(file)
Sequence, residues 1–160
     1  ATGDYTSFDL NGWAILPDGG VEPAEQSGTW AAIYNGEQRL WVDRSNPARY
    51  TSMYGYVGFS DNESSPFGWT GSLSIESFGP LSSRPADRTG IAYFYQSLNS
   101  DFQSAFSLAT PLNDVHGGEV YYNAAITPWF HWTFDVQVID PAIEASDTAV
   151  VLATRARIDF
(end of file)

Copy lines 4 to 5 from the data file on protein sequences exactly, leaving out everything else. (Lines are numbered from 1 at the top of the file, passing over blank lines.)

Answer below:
   101  DFQSAFSLAT PLNDVHGGEV YYNAAITPWF HWTFDVQVID PAIEASDTAV
   151  VLATRARIDF